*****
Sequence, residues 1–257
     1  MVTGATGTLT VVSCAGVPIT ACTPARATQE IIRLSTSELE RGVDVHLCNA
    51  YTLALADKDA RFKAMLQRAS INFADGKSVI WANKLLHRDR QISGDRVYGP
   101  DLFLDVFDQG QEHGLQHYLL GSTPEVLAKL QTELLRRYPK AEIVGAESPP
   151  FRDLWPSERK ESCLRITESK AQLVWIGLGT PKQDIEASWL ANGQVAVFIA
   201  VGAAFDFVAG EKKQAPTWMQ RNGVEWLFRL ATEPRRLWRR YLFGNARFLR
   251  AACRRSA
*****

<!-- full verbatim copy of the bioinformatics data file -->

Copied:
Sequence, residues 1–257
     1  MVTGATGTLT VVSCAGVPIT ACTPARATQE IIRLSTSELE RGVDVHLCNA
    51  YTLALADKDA RFKAMLQRAS INFADGKSVI WANKLLHRDR QISGDRVYGP
   101  DLFLDVFDQG QEHGLQHYLL GSTPEVLAKL QTELLRRYPK AEIVGAESPP
   151  FRDLWPSERK ESCLRITESK AQLVWIGLGT PKQDIEASWL ANGQVAVFIA
   201  VGAAFDFVAG EKKQAPTWMQ RNGVEWLFRL ATEPRRLWRR YLFGNARFLR
   251  AACRRSA